Quindós G, Salavert M. Zigomicosis (Mucormicosis). Capítulo 184. En: Vesga O, Vélez LA, Leiderman E, Restrepo A (Eds.). Fundamentos de Medicina: Enfermedades Infecciosas del Homo sapiens. Corporación para Investigaciones Biológicas (CIB), Medellín, Colombia. 2015. Abstract: Las mucormicosis son las enfermedades infecciosas causadas por los hongos filamentosos denominados Mucorales. El término zigomicosis o cigomicosis abarca un rango más amplio de micosis porque incluye tanto las mucormicosis como las enfermedades causadas por los hongos Entomophthorales, denominadas entomoftoromicosis. Sin embargo, los sinónimos antiguos de zigomicosis, como ficomicosis e hifomicosis, se deben considerar obsoletos. Como ficomicosis se denominaban a las infecciones causadas por los zigomicetos y por otros hongos filamentosos, como Pythium, muchos de los cuales están ahora clasificados en otros reinos diferentes al reino Fungi, como el reino Chromista. En este capítulo se emplearán los términos mucormicosis y zigomicosis como sinónimos para evitar las controversias relacionadas con la mayor familiaridad del término mucormicosis para los médicos clínicos y la preferencia del término zigomicosis para la mayoría de los micólogos médicos. Finalmente, se utilizará el término entomoftoramicosis de forma restringida cuando se trate de las micosis causadas por los géneros Basidiobolus o Conidiobolus.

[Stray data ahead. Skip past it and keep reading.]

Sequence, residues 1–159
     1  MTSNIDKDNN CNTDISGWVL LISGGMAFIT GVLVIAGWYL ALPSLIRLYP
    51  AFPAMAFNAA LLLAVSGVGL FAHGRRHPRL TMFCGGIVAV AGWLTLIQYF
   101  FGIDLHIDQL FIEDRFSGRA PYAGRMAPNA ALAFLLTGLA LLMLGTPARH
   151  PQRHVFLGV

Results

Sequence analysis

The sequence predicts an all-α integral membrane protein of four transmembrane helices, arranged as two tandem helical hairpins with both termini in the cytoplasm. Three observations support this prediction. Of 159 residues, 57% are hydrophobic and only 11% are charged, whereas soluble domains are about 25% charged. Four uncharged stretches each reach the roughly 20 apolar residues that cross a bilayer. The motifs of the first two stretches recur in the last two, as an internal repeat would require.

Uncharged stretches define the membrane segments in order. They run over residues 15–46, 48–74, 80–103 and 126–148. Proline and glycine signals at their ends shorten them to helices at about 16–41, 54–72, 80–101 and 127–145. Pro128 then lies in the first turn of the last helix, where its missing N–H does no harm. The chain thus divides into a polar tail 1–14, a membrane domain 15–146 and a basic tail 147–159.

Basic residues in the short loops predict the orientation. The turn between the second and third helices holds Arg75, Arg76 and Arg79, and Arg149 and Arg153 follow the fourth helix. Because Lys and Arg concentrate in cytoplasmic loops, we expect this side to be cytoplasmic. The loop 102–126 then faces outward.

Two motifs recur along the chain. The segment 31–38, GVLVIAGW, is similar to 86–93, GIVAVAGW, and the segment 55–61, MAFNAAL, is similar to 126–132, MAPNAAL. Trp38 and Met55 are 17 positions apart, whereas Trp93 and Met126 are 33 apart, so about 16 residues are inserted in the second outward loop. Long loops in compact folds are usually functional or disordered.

Quindós G, Eraso E, Ezpeleta G, Pemán J, Sanchez Reus F. State of the art in the laboratory methods for the diagnosis of invasive fungal diseases. En: Kon K & Rai M (Eds.). Microbiology for Surgical Infections: Diagnosis, Prognosis and Treatment. Academic Press / Elsevier. Whaltam, Maryland, EE UU. 2014. Abstract: Invasive fungal diseases (IFDs) possess a great clinical relevance because of their growing incidence, morbidity and mortality in oncohematological and surgical patients. Immunosuppression and breakdown of anatomical barriers are major risk factors and most at-risk patients are in surgery services, AIDS clinics, intensive care units (ICU), or transplantation and oncology units. Invasive candidiasis (IC) and to a lesser extent pulmonary and disseminated aspergillosis, pulmonary pneumocystosis and meningeal cryptococcosis are the most frequent IFDs. Organ transplant recipients form an important group of at-risk patients, with the type of transplanted organ causing major differences in etiology; thus, aspergillosis and other filamentous fungi infections are common in bone marrow transplants. However, IFDs are dominated by Candida in the first month after solid organ transplantation, in a manner usually related to surgical issues and nosocomial risk factors. Thus, anastomotic leaks, early graft failure, reoperation, and central venous catheter-associated candidemia are common. In the absence of complications of transplant, IFD by filamentous fungi are uncommon. After the first month, intense immunosuppression methods, such as direct microscopy, histology or culture of clinical specimens, are not sensitive or specific enough, and the results are often available too late to be clinically useful. This delay habitually enables the IFD to progress to the point where antifungal therapy becomes ineffective, thus there is a close relationship between early diagnosis, prompt treatment, and lower mortality. The prompt initiation of antifungal therapy is critical for improving the IFD outcome, and in many cases this has led to empirical treatment. Early mycological diagnosis is the cornerstone of a prompt and appropriate treatment, and for improving the survival of patients. Diagnostic methods are in continual evolution, and more rapid and sensitive methods have been developed, such as the detection of biomarkers or surrogate markers, e.g., 1,3-β-D-glucan (BG), glucuronoxylomannan (GXM), galactomannan (GM), mannan (MN), antimannan and anti-Candida germtube antibodies (CAGTA), and fungal DNA detection by polymerase chain reaction (PCR). However, many of these approaches are unfamiliar and they are generally not available in most clinical settings.